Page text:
Business Interruption Risks

by Edward A. Schirick, C.P.C.U., C.I.C., C.R.M.

Camp directors don't spend enough time considering the risks of business interruption. Inadequate preparation increases the risk of financial loss and carries with it potentially catastrophic implications for the future of the business.

Business Interruption insurance is also known as Business Income insurance, or Time Element insurance. It is written as part of the property insurance policy, but is a separate coverage part, distinct from the insurance purchased to protect the value of buildings and contents.

The generally accepted purpose of Business Interruption insurance, or Loss of Business Income as it is more commonly known today, is to replace the earnings of your business including certain continuing operating expenses, just as if no interruption of your business had occurred. In the camp business, whether you run a day or resident camp, the purpose of this insurance is to help you stay open no matter what the cost.

Business Interruption Basics

Most of the camp underwriters use the same contract language, the Business Income (and Extra Expense) Coverage Form. This form has two main features: 1) Loss of Income protection, and 2) Extra Expense insurance.

Loss of Income means 1) "Net income before income taxes that would have been earned or incurred" and 2) "Continuing normal operating expenses incurred, including payroll." Business income can include rental income, too.

The policy pays the actual loss of business income sustained during a period of restoration (the period when facilities are being rebuilt, or repaired) when operations are suspended.

Extra Expense means "necessary expenses you incur during the 'period of restoration' that you would not have incurred if there had been no direct physical loss or damage to property caused by or resulting from a Covered Cause of Loss."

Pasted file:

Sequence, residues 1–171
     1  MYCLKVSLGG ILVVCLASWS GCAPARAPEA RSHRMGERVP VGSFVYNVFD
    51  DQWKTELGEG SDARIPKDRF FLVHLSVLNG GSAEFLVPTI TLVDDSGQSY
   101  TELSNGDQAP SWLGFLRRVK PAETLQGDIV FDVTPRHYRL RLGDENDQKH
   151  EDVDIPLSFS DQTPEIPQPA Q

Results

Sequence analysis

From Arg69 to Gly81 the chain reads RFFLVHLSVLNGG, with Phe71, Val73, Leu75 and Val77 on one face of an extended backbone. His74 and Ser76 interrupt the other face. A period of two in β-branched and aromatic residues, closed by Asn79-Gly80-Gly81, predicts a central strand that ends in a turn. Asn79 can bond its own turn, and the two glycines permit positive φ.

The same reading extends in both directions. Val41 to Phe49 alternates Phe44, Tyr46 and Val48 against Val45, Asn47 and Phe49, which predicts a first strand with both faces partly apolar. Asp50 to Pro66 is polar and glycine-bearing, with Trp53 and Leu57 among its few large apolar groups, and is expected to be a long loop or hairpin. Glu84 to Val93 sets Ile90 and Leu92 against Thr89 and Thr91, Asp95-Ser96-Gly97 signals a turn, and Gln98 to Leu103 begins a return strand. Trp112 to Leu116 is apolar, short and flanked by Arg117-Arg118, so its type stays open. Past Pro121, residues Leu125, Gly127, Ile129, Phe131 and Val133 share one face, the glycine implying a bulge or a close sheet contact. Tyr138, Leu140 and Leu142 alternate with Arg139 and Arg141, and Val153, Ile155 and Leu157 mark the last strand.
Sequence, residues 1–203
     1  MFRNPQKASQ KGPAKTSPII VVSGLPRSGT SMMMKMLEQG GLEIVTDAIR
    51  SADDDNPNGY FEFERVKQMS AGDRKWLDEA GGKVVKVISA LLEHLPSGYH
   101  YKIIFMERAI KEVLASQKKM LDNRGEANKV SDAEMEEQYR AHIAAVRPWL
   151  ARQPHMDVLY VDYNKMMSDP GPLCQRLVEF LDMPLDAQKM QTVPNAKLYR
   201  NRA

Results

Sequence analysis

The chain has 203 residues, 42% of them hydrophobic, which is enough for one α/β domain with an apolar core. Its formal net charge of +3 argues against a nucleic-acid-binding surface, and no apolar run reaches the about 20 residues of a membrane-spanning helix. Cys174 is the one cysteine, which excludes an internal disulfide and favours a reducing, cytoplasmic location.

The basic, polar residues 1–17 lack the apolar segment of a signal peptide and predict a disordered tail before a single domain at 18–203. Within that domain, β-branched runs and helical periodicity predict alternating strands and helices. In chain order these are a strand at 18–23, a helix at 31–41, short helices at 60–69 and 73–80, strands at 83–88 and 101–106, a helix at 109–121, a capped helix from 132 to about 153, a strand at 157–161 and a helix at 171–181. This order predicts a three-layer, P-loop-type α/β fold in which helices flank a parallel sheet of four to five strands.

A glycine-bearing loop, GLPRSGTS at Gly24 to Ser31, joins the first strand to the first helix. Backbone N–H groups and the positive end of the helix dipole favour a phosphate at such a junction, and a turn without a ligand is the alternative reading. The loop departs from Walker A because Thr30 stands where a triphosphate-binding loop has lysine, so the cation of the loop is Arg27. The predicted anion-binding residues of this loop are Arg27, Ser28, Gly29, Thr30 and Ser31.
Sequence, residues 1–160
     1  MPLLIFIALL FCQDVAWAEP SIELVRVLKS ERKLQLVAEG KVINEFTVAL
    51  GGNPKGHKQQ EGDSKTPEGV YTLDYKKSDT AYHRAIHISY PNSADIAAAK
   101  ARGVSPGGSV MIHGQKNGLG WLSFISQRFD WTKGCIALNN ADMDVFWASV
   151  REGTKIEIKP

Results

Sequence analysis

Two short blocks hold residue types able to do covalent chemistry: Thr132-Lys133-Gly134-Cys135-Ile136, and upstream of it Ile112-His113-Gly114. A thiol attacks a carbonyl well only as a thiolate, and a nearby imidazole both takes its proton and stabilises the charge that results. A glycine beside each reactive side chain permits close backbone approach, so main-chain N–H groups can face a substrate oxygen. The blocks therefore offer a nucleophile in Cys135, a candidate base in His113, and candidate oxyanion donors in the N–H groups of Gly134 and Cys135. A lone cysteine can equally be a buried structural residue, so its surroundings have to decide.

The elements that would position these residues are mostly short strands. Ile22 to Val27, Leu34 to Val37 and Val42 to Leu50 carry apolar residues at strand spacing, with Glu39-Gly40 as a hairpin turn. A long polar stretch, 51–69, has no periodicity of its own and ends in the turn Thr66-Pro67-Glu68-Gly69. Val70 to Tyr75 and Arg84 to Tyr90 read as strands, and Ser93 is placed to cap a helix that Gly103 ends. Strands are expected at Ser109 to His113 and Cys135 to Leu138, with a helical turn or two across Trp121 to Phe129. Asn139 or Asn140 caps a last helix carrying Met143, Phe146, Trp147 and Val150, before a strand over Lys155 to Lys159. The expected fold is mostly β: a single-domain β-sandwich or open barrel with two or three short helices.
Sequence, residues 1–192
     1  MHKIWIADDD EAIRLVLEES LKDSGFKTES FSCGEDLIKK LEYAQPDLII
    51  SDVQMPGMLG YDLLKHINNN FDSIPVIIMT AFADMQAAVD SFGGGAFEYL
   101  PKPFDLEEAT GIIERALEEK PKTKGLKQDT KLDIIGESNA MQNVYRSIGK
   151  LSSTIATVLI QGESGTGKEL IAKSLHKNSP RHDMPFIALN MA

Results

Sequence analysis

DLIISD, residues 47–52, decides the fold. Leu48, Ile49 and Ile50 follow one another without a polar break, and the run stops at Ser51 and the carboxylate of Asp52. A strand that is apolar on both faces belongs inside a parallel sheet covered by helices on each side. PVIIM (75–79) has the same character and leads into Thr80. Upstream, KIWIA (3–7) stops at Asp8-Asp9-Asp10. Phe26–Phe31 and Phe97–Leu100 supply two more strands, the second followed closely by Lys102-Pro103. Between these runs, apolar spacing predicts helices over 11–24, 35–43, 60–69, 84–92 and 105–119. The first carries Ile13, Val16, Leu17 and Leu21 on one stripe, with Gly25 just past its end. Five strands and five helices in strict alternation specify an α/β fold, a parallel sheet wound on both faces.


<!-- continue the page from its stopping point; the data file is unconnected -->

The insurance company will pay any Extra Expense to avoid, or reduce the suspension of business and to continue your operations at your location, or at a replacement location. If you can't stay in business following a property loss the insurance company will pay any Extra Expense to repair, or replace any property, or research, replace, or restore lost information on damaged valuable papers and records if the expense reduces the amount of the loss that you would otherwise be claiming under the Loss of Income coverage.

"Period of Restoration" means that period of time, which begins either immediately, or within twenty-four, or seventy-two hours (depending upon how your coverage is set up) following the direct physical loss to your covered property and ends on the earlier of:

  1. The date the property should be repaired, or rebuilt with reasonable speed and similar quality; or
  2. The date when business is resumed at a new permanent location.

"Period of Restoration" does not include any additional time to repair or rebuild necessitated by the enforcement of any building code, or law governing repair, or construction. Coverage can be extended for this additional period, if any, through an endorsement called Increased Period of Restoration when the Causes of Loss form has been amended to include Building Ordinances.

Extended Business Income